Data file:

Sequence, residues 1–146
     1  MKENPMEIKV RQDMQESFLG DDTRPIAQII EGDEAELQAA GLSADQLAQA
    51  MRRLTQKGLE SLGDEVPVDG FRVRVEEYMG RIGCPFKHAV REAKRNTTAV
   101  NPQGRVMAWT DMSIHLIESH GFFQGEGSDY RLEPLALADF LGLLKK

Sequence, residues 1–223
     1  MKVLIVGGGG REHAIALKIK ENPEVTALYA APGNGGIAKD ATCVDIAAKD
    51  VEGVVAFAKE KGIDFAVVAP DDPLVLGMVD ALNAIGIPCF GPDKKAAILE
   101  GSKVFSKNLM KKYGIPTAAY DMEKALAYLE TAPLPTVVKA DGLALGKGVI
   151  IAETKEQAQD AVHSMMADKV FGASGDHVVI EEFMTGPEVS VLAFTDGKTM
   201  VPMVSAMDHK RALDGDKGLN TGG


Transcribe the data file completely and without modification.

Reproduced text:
Sequence, residues 1–146
     1  MKENPMEIKV RQDMQESFLG DDTRPIAQII EGDEAELQAA GLSADQLAQA
    51  MRRLTQKGLE SLGDEVPVDG FRVRVEEYMG RIGCPFKHAV REAKRNTTAV
   101  NPQGRVMAWT DMSIHLIESH GFFQGEGSDY RLEPLALADF LGLLKK

Sequence, residues 1–223
     1  MKVLIVGGGG REHAIALKIK ENPEVTALYA APGNGGIAKD ATCVDIAAKD
    51  VEGVVAFAKE KGIDFAVVAP DDPLVLGMVD ALNAIGIPCF GPDKKAAILE
   101  GSKVFSKNLM KKYGIPTAAY DMEKALAYLE TAPLPTVVKA DGLALGKGVI
   151  IAETKEQAQD AVHSMMADKV FGASGDHVVI EEFMTGPEVS VLAFTDGKTM
   201  VPMVSAMDHK RALDGDKGLN TGG